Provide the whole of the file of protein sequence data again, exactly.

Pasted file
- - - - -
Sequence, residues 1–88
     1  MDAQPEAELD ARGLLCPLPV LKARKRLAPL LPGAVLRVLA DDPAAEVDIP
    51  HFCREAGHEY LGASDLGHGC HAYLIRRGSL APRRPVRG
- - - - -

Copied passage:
Sequence, residues 1–88
     1  MDAQPEAELD ARGLLCPLPV LKARKRLAPL LPGAVLRVLA DDPAAEVDIP
    51  HFCREAGHEY LGASDLGHGC HAYLIRRGSL APRRPVRG